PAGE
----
Carl Gustav Jung: Analytic Psychological (1875-1961)
Carl Gustav Jung was born in Kesswil, Switzerland. His father, Johannes Paul Achilles Jung (1842-1896), was a pastor – a profession that had traditions in the family. He married Emilie Preiswerk (1848-1923) in 1874; Carl Gustav remained a single child for a long time before the birth of his sister, Gertrud.
Jung's study on schizophrenia, The Psychology of Dementia Praecox, led him into collaboration with Sigmund Freud; they first met in 1907 and talked about thirteen hours. "I found him extremely intelligent, shrewd, and altogether remarkable," Jung wrote on Freud. He opened a private practice and travelled with Freud in 1909 to the United States, lecturing and meeting amongst others the American philosopher and psychologist William James, whose thoughts deeply attracted Jung. Jung's disagreement with Freud started over the latter's emphasis on sexuality alone as the dominant factor in unconscious motivation. "Every form of addiction is bad," Jung later said, "no matter whether the narcotic be alcohol or morphine or idealism." Freud fainted twice in Jung's presence but the ties were broken with the publication of Jung's Wandlungen und Symbole der Libido (1912, Symbols of Transformation), full of mythological images and motifs, and with his acts as the president of the International Congress of Psycho-Analysis. In a letter to Freud he wrote: "If ever you should rid yourself entirely of your complexes and stop playing the father to your sons, and instead of aiming continually at their weak spots took a good look at your own for a change, then I will mend my ways and at one stroke uproot the vice of being in two minds about you." (Jung on December, 18, 1912). The end of his father-son relationship with Freud had a profoundly disturbing effect on Jung. He withdrew from the psychoanalytic movement and suffered a six-year-long breakdown during which he had fantasies of mighty floods sweeping over northern Europe – prophetic visions of World War I. His inner experiences Jung recorded in the "Red Book", illustrated with his own works in the art nouveau style. Freud viewed jung as the “Crown Prince” of the Psychoanalytic movement. At the first meeting of the new International psychoanalytic Association, Freud suggested that Jung be the elected president, for he believed that all would accept a young non-Jewish person.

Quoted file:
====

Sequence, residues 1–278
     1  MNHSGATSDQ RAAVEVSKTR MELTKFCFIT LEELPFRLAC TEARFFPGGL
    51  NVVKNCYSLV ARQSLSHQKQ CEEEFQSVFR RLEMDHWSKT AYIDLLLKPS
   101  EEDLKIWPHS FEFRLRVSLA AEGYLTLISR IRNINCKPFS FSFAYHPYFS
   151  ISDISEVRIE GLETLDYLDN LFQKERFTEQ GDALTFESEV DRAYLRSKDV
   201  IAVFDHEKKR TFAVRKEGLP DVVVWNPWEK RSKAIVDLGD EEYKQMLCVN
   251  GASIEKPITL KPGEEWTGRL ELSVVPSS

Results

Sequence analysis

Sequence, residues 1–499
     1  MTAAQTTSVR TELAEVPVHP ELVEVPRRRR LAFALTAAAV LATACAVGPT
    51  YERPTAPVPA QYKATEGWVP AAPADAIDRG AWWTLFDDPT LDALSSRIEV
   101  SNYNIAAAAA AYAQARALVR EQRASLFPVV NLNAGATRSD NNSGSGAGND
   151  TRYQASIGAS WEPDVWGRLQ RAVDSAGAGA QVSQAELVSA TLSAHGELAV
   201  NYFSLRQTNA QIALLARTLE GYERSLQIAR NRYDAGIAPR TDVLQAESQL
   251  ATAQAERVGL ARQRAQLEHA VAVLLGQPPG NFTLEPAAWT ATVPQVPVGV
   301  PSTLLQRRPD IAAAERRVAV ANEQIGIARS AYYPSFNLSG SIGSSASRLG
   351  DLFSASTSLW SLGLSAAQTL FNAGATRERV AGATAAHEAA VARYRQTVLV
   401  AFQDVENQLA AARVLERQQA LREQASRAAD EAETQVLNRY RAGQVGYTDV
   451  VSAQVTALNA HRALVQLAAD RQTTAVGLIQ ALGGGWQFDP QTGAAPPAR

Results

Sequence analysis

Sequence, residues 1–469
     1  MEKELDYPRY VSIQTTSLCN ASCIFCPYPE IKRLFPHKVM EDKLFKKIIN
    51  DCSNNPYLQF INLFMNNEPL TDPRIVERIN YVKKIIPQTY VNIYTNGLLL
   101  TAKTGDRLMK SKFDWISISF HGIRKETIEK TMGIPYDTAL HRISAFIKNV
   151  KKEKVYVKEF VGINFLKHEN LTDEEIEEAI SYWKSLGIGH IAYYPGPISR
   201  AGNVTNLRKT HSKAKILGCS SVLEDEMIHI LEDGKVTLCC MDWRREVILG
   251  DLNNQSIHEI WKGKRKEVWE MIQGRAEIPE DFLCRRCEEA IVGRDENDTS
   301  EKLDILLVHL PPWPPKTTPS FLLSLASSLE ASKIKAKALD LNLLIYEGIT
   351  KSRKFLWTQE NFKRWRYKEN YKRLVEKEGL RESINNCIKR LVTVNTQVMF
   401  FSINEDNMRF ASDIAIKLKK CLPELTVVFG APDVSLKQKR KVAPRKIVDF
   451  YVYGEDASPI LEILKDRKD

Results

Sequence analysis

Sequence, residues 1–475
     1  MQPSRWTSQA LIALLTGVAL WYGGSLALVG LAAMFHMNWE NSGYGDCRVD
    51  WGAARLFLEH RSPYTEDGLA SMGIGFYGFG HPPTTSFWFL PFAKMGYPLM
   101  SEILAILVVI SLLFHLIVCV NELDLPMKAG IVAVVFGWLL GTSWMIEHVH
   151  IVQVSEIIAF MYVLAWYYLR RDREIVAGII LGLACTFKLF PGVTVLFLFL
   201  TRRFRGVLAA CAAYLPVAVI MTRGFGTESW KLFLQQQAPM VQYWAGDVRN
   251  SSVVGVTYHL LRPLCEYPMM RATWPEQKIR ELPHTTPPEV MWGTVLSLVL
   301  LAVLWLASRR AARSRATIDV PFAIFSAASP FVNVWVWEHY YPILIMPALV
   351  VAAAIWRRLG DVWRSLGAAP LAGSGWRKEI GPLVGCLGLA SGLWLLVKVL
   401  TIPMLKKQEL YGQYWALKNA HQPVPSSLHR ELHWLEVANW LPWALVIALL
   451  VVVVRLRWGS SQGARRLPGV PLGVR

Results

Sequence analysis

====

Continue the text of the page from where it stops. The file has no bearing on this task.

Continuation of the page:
However, he was met with stiff opposition from Viennese, most of whom were Jews and also because of Jung’s known anti Semitism. Nevertheless, Freud overcame these objections & Jung was elected
Ironically, soon after, the relationship between Freud and Jung began to weaken. Jung was not performing his presidential duties as well as Freud had expected.
Jung i) de-emphasized sex in his lectures and in his therapeutic analyses; ii) changed the concept of libido; iii) deplored freud’s causality; iv) shunned the traditional methods of empirical science.
By the end of 1912, relations between Jung & Freud were strained and they decided to discontinue correspondence.
By 1914, Jung had withdrawn completely from the movement, never resumed his friendship with Freud, and he soon founded a new school which he called ‘Analytic Psychology’
Basic Attitudes and Methodology
In the etiology schizophrenia , unlike Freud , Jung laid emphases upon the contemporary factors rather than historical factors.
Freud at that time agreed with Jung about this particular point, but he did not agree in general with Jung’s emphases on the present rather than on the past in the study of neurosis.
According to Jung- Not only present is important, but one must understand the future, potentialities of man in order to make sense of him.
The goals and intentions were as important as his history in directing man’s behaviour.
Deplored Freud’s study of causality exclusively in terms of past & found Freud’s theorizing too reductive and mechanistic....